Missouri deputy quits after killing pet Chihuahua

Sunday, April 3, 2011 | 3:39 p.m. CDT

MARBLE HILL — A southeast Missouri sheriff plans to use a deadly showdown between a deputy and a growling dog as a training opportunity for his remaining officers.

There are other ways of fending off a snarling Chihuahua, Bollinger County Sheriff Leo McElrath says, than repeatedly shooting it.

"When I found out the dog that was shot was a Chihuahua, I really was upset," McElrath told KFVS-TV.

The deputy, Kelly Barks, resigned last month after she was placed on administrative leave pending results of an internal investigation of the February incident that began with a domestic violence call.

McElrath said Barks arrested a man at the scene and then got his permission to search the residence. Once inside, she was confronted by the man's three growling dogs.

Believing the Chihuahua had bitten her, Barks shot it and went outside. After realizing she was fine, she went back into the residence where, McElrath said, the dog was still acting aggressively — so she shot it again.

The dog then went into its kennel, and the deputy fired the third and fatal shot.

McElrath wasn't the only one surprised that the victim was a diminutive breed rather than a large dog that a person could perceive as presenting an immediate, life-threatening danger.

"In that kind of instance I would always put a human life ahead of the vicious animal," Colleen Retz, a Marble Hill veterinarian, told the TV station. "But it seemed like there could have been a different course of action that resulted in a different outcome."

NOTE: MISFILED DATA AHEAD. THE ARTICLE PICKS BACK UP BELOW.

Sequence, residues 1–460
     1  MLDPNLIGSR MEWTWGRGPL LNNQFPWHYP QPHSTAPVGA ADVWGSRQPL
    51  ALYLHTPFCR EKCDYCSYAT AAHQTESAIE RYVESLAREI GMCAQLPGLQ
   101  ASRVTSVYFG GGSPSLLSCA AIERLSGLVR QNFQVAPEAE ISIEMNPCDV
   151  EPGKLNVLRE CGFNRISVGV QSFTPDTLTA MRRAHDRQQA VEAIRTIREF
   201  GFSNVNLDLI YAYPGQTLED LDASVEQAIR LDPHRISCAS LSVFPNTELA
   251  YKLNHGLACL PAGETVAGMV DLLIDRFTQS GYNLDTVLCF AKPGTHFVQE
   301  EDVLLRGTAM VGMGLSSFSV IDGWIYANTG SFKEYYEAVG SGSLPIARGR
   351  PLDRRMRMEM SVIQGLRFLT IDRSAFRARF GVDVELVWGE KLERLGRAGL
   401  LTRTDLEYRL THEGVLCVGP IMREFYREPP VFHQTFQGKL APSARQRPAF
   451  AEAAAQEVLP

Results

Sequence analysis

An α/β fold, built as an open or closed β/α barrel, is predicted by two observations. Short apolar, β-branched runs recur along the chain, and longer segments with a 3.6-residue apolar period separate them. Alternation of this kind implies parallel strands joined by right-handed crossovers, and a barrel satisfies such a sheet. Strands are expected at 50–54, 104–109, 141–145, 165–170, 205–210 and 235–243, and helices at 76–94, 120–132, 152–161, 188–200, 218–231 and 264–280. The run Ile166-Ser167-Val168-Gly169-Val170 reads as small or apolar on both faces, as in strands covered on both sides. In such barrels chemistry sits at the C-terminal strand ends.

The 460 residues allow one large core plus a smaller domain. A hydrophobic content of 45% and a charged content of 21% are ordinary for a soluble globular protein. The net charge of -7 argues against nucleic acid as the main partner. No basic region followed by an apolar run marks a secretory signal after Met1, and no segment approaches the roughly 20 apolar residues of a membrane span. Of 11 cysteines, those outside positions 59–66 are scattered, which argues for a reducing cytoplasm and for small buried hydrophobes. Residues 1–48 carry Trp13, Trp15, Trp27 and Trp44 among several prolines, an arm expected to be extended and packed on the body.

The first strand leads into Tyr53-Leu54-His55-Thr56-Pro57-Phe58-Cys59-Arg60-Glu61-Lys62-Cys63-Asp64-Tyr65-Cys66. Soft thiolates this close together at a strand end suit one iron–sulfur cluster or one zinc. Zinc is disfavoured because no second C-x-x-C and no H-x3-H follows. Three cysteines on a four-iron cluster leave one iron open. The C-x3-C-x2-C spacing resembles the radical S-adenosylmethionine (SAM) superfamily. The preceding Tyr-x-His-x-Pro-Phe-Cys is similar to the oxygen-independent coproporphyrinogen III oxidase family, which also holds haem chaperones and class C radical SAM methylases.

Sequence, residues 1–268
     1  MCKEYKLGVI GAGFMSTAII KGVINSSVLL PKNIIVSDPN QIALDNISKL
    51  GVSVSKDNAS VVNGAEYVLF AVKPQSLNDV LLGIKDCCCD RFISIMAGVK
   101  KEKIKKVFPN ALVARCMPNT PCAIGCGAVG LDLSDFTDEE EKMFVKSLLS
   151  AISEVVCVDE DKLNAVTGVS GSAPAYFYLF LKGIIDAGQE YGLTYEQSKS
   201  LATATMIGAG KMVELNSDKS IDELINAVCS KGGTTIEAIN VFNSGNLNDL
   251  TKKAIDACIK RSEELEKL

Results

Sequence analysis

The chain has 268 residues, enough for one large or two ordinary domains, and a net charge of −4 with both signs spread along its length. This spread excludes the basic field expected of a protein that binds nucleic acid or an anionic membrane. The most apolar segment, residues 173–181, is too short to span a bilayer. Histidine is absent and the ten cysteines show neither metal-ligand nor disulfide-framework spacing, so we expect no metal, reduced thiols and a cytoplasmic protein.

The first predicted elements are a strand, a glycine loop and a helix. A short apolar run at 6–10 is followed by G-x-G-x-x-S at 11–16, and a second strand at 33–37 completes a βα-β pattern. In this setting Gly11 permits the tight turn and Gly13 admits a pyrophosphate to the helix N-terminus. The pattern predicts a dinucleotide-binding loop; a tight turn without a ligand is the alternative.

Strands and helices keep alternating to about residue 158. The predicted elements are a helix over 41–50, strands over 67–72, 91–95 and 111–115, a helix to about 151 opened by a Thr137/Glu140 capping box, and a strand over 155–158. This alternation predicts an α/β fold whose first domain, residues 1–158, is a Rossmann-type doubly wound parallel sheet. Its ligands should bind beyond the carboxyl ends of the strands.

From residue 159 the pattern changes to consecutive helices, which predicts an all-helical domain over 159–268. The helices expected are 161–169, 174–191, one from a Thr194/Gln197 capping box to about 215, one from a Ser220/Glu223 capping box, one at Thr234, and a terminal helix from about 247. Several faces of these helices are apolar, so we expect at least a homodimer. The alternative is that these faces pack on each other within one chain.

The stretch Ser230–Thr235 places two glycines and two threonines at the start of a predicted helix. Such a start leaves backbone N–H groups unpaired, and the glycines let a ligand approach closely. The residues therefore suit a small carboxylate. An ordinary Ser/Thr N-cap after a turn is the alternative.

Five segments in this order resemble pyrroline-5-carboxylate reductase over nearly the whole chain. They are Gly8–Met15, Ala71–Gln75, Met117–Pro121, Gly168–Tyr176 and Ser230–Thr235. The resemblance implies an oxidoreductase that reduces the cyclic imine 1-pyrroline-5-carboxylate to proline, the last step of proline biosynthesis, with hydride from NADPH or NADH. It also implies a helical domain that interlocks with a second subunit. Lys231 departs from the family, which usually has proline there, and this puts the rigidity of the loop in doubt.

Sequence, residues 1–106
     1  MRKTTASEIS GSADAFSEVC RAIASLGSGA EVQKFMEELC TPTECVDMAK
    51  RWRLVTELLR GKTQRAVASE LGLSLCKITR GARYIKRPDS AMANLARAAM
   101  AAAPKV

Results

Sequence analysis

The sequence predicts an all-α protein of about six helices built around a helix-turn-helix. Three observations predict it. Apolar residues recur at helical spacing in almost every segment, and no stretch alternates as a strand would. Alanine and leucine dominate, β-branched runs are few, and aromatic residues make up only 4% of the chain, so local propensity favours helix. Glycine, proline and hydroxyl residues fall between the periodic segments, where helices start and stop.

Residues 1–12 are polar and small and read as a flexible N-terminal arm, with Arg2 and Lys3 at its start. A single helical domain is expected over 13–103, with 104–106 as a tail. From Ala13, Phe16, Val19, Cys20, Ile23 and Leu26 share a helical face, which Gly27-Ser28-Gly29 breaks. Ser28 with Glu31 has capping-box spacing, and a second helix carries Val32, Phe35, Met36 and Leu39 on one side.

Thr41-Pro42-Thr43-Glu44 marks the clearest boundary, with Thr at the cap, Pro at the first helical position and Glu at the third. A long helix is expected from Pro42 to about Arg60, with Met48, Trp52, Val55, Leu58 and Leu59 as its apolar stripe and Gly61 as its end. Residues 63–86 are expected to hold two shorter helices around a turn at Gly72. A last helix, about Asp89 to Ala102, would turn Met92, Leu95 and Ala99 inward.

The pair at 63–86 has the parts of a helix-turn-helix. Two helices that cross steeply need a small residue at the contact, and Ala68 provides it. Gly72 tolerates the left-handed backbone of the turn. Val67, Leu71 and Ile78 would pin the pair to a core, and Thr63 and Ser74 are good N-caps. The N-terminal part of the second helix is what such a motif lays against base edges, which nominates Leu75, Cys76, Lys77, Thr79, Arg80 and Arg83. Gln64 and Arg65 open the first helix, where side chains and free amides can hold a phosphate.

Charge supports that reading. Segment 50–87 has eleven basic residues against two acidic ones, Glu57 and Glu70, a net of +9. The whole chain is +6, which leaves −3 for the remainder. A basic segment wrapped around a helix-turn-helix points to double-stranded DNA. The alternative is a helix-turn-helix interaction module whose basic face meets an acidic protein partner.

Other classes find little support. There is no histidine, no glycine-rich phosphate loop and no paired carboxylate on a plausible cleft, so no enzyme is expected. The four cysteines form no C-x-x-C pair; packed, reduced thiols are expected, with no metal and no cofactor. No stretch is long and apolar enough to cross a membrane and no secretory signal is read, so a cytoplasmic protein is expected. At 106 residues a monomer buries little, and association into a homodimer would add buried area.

McElrath, who has apologized to the dog's owner, said he, too, believes his deputy could have handled the situation different — with pepper spray, a baton or stick, or even a kick.

"If it had been a bigger dog, then I would have thought that would have been the proper procedure, but since it was a Chihuahua, I told (the owner) I was just sick that the whole incident had happened," McElrath said.

McElrath said he had not had problems with the deputy in the past and was surprised by her resignation. He said his department is using the incident to review protocol in similar situations.

A phone number for Kelly Barks could not be found, and she has declined to comment to area media.

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Jeremy Calton April 4, 2011 | 12:39 a.m.

The sheriff apologized to the dog's owner.
All's well that ends well.

(Report Comment)
Kevin Gamble April 4, 2011 | 1:26 a.m.

This sounds like staggering incompetence and complete lack of sound judgment by Barks. Was there some particular urgency to what sounds like a completely under-control situation that required her to immediately re-enter the area where the dog was? It's this kind of deranged garbage that gives law enforcement a bad name to many people. Kudos to all the capable members of the police force who keep the public safety each day - here's hoping Barks never rejoins their ranks.

(Report Comment)
Andrew Wamboldt April 4, 2011 | 9:39 p.m.

SMH at the sheriff. Why the hell would it be proper procedure to shoot a bigger dog? The dog is just doing what a dog is supposed to be doing, so why should the police officer have the right to kill the dog?

In situations like these, the officers should just let the owner put the dogs in the backyard or lock them up in a room so they're not interfering with anything.

The attitude from the leadership within in the police is appalling. It's a shame that the police officers are able to commit crimes like this and not be punished all in the guise of "protecting the people".

(Report Comment)

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